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Open Access and Scholarly Publishing @ UNO

This guide explains open access publishing and how UNO scholars can receive funding to support OA

Assessing Journal Quality

When planning to publish in an academic journal or respond to a request to edit a journal, quality counts. Many factors influence the decision, whether the journal is a traditional one or an open access journal. The Assessing Journal Quality guide has some tips for factors to consider.

Author Rights Information

Open or Closed: Author's Choice

For more video content, see openaccessnet.

The Copyright Holder Controls the Work

Traditionally, publishers’ contracts restricted an author's use of published work in teaching and research. Contracts often prohibited placing the published work

  • on course websites
  • in a course-pack
  • in scholarly presentations
  • on the author’s personal web page
  • and in scholarly repositories such as UNO's Digital Commons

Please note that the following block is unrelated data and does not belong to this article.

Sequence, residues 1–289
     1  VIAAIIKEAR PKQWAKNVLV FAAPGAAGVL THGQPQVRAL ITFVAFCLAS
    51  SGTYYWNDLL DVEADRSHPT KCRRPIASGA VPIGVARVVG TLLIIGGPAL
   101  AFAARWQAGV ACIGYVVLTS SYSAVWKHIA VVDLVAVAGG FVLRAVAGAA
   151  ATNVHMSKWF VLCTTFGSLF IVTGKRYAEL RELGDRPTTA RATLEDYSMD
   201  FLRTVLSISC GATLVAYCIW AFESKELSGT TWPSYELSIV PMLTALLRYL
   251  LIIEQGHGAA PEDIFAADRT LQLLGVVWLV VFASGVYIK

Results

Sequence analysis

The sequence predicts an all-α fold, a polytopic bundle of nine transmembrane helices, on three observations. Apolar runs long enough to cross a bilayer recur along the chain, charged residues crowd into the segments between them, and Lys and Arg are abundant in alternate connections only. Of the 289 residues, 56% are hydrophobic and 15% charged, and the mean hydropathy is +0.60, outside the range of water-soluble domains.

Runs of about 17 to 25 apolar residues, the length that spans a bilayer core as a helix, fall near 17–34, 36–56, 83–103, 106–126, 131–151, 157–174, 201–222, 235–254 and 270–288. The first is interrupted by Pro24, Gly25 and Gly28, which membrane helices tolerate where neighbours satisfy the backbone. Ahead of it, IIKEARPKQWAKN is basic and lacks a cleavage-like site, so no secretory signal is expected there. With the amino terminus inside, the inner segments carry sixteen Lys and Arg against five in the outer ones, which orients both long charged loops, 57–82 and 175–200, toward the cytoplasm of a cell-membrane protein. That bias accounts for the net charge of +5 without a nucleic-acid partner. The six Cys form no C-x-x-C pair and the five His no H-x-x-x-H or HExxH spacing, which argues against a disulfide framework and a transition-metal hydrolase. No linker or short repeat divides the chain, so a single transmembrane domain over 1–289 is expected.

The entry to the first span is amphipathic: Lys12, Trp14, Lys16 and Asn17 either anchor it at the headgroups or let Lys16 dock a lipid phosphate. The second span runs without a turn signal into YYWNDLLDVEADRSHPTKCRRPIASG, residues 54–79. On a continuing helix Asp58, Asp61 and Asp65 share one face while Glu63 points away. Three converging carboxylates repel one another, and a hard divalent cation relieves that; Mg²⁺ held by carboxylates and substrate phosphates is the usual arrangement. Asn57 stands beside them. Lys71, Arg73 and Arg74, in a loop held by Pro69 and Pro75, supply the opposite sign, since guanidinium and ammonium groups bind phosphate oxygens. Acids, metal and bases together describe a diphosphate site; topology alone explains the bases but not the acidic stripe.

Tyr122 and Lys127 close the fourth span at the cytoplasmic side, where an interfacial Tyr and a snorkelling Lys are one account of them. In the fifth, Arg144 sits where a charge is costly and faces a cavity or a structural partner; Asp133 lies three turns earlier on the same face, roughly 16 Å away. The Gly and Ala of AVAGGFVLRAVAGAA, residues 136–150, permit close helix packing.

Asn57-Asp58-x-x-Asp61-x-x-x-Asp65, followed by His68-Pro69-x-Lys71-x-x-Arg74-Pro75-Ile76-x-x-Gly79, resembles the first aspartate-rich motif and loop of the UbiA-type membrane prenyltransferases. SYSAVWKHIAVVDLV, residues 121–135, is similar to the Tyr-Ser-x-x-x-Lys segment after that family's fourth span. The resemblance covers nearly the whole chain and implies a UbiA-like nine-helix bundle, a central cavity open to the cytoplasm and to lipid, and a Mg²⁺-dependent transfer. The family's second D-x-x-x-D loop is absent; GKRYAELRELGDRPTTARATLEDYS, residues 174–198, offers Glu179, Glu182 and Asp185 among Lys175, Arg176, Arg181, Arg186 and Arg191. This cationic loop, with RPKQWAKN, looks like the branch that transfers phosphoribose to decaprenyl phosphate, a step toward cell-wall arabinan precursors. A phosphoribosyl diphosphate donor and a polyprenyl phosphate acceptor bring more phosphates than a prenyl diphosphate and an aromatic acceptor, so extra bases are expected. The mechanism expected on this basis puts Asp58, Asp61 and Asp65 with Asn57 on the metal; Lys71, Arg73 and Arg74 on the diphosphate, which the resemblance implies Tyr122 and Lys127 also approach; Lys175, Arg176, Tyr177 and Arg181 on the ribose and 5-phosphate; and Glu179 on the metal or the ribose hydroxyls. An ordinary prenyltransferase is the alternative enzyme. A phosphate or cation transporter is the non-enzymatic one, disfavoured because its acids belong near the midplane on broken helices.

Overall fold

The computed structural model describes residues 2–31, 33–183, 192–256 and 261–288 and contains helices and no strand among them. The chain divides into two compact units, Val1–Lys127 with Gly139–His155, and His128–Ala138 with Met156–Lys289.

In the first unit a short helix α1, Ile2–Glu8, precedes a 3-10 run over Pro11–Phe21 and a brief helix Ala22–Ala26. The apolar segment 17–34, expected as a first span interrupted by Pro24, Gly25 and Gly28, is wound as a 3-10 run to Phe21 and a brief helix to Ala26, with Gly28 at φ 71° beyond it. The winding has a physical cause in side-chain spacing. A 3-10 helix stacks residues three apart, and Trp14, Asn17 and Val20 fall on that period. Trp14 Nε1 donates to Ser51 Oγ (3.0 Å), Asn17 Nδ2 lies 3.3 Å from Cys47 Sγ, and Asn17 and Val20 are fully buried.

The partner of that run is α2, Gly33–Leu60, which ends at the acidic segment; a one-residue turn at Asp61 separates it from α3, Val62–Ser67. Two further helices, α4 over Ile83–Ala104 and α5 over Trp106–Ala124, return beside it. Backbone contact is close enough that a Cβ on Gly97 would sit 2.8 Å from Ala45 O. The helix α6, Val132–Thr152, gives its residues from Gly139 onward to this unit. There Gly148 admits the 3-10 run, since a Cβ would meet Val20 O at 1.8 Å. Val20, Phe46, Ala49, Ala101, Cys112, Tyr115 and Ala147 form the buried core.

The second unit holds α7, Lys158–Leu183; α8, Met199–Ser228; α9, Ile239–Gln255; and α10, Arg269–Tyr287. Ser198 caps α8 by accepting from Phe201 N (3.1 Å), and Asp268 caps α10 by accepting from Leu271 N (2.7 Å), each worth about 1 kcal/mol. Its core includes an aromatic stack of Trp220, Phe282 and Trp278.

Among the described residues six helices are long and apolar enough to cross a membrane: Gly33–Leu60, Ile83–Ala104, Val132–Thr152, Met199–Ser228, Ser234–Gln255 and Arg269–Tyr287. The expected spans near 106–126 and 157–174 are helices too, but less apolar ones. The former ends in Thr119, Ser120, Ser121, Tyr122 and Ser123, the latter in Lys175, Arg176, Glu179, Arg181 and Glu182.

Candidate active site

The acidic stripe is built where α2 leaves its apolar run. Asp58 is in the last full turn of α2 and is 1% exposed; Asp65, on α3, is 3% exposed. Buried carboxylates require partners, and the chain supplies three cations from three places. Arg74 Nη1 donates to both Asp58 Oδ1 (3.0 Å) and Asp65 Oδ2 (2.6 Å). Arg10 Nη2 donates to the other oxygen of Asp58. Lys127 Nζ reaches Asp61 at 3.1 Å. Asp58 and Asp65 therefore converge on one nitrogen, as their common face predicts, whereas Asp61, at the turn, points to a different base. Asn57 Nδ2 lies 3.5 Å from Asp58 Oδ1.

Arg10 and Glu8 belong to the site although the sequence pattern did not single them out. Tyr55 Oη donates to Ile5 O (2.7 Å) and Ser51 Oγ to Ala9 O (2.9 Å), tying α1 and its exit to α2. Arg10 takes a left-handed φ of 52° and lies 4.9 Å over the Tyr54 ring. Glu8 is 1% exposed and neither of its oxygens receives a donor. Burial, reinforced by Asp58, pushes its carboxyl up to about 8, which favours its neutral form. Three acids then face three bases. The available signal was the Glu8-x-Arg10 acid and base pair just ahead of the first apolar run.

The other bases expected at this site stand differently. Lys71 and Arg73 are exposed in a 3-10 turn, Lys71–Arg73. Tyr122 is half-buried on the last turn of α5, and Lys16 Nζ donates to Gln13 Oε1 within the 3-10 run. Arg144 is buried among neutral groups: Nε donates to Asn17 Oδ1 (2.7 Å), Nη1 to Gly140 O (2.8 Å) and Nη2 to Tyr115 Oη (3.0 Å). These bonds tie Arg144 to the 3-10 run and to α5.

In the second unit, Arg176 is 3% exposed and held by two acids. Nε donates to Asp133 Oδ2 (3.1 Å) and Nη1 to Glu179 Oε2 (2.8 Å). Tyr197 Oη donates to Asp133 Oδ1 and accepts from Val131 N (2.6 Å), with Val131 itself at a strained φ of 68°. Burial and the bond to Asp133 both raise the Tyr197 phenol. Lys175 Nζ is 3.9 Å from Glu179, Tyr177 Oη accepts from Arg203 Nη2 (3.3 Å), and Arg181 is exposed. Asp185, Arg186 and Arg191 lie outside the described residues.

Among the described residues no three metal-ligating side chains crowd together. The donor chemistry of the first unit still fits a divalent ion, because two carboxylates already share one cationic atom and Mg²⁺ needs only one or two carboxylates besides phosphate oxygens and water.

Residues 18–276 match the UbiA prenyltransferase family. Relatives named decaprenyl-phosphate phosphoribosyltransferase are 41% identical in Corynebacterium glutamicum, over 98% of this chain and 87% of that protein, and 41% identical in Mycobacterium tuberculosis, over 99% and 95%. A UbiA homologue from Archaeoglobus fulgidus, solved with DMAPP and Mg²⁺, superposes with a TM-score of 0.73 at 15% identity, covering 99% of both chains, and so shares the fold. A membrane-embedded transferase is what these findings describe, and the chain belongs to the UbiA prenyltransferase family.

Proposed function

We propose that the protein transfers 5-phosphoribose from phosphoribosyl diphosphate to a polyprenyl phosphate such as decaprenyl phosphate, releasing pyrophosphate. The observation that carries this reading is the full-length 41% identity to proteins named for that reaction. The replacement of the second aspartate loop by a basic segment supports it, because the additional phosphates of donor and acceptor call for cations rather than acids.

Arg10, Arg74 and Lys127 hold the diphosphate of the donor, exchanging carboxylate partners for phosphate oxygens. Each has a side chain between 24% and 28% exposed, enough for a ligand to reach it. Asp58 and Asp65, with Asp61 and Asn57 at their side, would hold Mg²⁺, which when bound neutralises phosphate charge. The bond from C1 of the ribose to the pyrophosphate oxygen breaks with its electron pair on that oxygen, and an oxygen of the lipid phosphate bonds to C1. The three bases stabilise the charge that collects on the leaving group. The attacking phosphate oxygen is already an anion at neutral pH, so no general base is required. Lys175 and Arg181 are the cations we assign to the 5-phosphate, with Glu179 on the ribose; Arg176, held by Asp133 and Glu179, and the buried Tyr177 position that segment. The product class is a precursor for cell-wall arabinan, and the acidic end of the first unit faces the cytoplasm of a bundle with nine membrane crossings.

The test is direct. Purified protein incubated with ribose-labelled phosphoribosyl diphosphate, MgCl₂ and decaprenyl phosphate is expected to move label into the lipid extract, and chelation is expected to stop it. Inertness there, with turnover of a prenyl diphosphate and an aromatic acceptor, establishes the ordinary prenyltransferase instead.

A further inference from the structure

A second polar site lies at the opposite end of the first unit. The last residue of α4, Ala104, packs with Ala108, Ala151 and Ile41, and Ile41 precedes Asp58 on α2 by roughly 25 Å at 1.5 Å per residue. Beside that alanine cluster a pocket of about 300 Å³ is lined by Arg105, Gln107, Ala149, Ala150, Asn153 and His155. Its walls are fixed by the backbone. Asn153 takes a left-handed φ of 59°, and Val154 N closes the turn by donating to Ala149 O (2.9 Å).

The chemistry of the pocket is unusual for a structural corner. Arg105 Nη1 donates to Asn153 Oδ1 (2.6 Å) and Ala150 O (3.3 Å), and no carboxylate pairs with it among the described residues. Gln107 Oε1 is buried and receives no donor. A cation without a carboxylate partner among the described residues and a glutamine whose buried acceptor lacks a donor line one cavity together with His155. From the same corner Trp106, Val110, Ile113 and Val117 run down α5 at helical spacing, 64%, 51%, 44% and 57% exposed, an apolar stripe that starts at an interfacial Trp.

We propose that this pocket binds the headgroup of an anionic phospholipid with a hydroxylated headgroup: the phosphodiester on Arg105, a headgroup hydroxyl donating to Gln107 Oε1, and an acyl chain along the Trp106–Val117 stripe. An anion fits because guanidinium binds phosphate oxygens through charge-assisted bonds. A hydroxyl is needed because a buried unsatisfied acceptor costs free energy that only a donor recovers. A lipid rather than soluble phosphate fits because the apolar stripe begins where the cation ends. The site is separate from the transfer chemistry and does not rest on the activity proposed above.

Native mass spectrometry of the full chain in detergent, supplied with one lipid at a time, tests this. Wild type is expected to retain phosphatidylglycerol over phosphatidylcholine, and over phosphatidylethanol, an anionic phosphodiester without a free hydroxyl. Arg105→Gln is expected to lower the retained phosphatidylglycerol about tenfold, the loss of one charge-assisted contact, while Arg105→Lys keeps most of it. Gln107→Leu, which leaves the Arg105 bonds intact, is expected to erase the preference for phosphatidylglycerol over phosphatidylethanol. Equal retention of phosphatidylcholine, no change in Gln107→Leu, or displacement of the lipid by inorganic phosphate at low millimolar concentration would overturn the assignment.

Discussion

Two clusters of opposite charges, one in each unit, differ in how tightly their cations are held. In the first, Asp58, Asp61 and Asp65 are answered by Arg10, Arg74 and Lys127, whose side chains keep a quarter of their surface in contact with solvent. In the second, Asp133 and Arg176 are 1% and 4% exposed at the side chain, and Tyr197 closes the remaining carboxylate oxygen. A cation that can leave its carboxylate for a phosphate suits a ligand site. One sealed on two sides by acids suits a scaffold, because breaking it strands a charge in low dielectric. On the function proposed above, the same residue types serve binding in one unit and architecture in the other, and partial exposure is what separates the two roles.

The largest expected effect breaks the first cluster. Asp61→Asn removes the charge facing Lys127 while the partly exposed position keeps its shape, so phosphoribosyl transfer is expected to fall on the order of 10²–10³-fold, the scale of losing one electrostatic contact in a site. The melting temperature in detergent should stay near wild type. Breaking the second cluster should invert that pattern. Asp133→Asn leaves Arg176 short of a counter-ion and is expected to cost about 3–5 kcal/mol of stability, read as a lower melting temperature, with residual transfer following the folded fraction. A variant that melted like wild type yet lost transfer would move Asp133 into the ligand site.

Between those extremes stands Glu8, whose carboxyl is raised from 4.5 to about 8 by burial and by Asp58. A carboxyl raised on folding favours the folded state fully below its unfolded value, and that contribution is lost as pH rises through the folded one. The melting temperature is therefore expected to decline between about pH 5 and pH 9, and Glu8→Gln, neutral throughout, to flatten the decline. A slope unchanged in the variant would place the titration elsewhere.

Many publishers now anticipate an author's legitimate need to distribute and repurpose his work and no longer require exclusive rights to publication. Some publishers balance their interest in recouping publishing costs with the author’s desire to disseminate their ideas broadly, placing a short-term embargo on the open access archiving of the work.

Transferring copyright doesn’t have to be all or nothing. Publishers require only the author’s permission to publish an article, not a wholesale transfer of copyright. To make retention of rights easier, use the Scholar's Copyright Addendum Engine to generate a cusomized addendum to your publisher's contract, reserving the rights you need.


  • Use the Sherpa/RoMEO website to find a journal or publisher's standard policy on retention of copyright by authors.
  • The entry for each publisher lists conditions or restrictions imposed by the publisher on authors' rights to deposit their articles in open access repositories.